APA 5th ed - initials in first author's name in in-text citation

I am having difficulty with endnote inserting initials for the first author of in-text citations in APA 5th ed. I have seen the two previous threads on this issue and understand that when there are multiple authors with the same last name, the initials are inserted for clarification. I also understand that the authors have to be entered EXACTLY the same for every citation in the endnote database. I have two problems:

  1. Endnote seems to be inserting the initials in the in-text citation when there are multiple authors with the same last name in my library, even when only one of these authors is cited in the actual text. For instance, initials get inserted when the library has Smith, T and Smith, R but the paper only cites Smith T. Short of removing the fields and manually fixing, I’m not sure how to remove the unwanted initials. (I’d rather not remove the fields just yet)

  2. Is there a work-around for the situation where there is only one author but different databases or journals list the name slightly differently. For instance, some databases list them as Smith, TR and some as Smith, T.R. and some as Smith, T. etc. If you have a well published author you have to go in and manually replace this author’s name many times so that it is consistent across all entries. This is incredibly inconvenient and a big waste of time.


Message Edited by tresaroe on 02-19-2009 03:52 PM

Smith, TR wouldn’t work in Endnote, as it would probably treat it as a first name abbreviation it to T, so it needs the space to be handled correctly.   Smith T R and Smith T. R. are recognized as the same.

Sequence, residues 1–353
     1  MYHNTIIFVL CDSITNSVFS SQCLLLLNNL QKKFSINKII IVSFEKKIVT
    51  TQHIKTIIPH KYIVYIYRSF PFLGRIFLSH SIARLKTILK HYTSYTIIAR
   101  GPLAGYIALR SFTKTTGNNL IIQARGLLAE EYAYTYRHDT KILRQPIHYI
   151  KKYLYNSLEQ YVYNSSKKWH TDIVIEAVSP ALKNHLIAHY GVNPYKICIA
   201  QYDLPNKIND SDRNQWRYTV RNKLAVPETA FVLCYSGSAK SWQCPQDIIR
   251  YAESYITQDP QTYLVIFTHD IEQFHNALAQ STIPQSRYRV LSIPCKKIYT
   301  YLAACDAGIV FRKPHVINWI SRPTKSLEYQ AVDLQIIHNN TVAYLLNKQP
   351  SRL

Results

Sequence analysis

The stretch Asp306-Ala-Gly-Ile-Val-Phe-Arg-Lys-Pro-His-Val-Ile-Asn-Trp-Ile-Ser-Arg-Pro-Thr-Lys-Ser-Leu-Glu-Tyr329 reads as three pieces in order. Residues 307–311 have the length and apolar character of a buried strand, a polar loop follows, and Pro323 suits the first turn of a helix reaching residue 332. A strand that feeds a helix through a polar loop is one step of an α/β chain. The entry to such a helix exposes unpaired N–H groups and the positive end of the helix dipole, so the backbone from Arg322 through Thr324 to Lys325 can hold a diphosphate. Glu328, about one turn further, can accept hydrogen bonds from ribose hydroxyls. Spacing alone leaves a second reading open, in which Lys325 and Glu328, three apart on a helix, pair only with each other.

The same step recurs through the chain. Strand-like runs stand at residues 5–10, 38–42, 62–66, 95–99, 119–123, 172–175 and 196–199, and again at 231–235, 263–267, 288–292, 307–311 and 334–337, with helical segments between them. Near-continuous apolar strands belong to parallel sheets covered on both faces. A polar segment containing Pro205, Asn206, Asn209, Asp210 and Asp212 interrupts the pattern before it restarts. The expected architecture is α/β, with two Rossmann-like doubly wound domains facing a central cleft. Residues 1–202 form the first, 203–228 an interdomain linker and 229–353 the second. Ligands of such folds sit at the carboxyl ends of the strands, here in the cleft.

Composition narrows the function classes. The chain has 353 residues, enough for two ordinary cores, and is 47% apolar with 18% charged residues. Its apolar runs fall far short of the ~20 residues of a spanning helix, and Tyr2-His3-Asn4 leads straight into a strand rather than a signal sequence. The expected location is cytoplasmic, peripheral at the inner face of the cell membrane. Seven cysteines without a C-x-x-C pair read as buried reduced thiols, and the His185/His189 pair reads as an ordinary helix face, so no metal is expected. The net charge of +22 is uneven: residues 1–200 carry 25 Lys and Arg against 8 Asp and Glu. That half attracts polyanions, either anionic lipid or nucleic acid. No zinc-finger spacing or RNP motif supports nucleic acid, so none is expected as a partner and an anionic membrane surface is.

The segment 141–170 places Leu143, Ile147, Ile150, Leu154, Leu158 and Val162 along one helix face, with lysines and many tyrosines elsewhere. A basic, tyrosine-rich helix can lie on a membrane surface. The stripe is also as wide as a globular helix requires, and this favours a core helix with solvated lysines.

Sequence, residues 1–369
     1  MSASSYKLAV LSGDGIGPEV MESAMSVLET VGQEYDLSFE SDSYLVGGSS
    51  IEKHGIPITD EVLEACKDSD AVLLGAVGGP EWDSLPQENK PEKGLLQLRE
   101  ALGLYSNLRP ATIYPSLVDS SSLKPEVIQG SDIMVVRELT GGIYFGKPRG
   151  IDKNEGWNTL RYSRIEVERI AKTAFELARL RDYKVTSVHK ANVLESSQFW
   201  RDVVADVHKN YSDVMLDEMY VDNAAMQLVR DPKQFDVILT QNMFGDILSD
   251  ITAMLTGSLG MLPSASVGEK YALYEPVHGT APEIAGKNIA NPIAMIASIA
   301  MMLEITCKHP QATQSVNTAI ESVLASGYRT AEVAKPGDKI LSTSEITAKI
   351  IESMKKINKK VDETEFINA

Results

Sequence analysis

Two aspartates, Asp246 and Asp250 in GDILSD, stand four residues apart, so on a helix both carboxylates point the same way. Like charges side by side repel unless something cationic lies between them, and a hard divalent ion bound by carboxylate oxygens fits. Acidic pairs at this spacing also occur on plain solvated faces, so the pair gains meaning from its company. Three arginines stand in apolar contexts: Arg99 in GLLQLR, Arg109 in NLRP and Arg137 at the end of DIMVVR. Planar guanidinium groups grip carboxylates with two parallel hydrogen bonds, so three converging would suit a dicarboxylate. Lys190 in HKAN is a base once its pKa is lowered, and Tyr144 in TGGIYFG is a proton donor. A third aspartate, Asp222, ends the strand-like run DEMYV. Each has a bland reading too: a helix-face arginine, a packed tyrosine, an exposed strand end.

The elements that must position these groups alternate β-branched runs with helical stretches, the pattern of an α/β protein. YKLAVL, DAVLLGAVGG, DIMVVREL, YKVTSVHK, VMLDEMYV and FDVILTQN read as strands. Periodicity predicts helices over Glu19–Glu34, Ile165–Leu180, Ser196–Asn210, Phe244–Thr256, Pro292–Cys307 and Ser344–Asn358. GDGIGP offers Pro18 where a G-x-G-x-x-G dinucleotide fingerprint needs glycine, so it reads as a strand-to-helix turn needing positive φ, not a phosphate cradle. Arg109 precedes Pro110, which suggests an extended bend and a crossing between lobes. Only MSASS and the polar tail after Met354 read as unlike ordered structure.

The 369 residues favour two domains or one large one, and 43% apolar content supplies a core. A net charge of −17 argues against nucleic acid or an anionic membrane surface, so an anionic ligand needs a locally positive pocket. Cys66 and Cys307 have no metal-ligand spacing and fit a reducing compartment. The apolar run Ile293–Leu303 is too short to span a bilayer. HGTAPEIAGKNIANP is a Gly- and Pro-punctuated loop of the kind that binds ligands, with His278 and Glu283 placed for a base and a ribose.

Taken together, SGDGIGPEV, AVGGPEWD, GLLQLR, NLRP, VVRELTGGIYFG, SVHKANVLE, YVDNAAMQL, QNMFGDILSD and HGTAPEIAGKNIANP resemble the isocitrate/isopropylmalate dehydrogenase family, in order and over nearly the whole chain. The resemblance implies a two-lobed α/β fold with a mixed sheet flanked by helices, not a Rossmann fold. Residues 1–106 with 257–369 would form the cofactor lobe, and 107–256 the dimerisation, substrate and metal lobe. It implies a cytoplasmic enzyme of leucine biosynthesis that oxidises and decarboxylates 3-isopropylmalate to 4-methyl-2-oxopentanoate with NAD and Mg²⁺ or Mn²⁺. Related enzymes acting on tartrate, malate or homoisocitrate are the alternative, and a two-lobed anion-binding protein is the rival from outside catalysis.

Journals often require variants to be handled in this way, and Endnote is not clarvoiyant about when they are the same or when they are not.  Smith T and Smith T. R. could be different and if they are not, then how is Endnote supposed to know that?   

I cannot replicate the last problem, with the initials being included even if you have only one quoted.  I am not certain, but I have never had the fact that the library contains another author with the same surname affecting how it is inserted in a  manuscript.  Only if both are first (or second of two) authors are used in the manuscript. Are you sure you didn’t fix something in a reference, but that the manuscript is still pulling information from the travelling library copy?  Try unformating all the references and reformating them, which should look only in the library.   

Hello Leanne!  I had the exact same thing happen. For instance, I downloaded from Proquest and Ebsco, and some came in as “Jane Jones,” “Jones, Jane A.,” “Jones, J.” etc.  Even if the author was the only one by that name (no Fred Jones in the author list, for instance) it would still show up sometimes as "J. Jones"or “J. A. Jones” but sometimes it was correct.  It did not appear to matter if the author was solo or part of a list in the in-text citation.

Once I changed them all to “Jones, Jane” it worked just fine.  

I was helping someone with the author initials problem you describe today. I think we found a solution.

Edit the output style, and under Citations -> Author Name, uncheck the box for “Use initials only for primary authors with the same name”

I am now having a similar problem with APA 6th edition. Even when I untick the initials box. I have searched the APA 6th edition manual and can not find anything about authors who do use different names. Your assistance greatly appreciated.


There is absolutely no way that Endnote can distinguish between two records that have the same author with two different ways of entering their name - or if the same author published with or without their middle name in two different publications.  Endnote then assumes they are different.  J. Smith could be Jane Smith or it could be James Smith and J. A. Smith and Jane Smith could the same or different person.  Hence I just make the adjustment in the record, if I know they are the same person.  OR - I leave those biggies up to the publisher and get on with my writing, which is the important part anyway. 

Thank you for this tip. It was very helpful.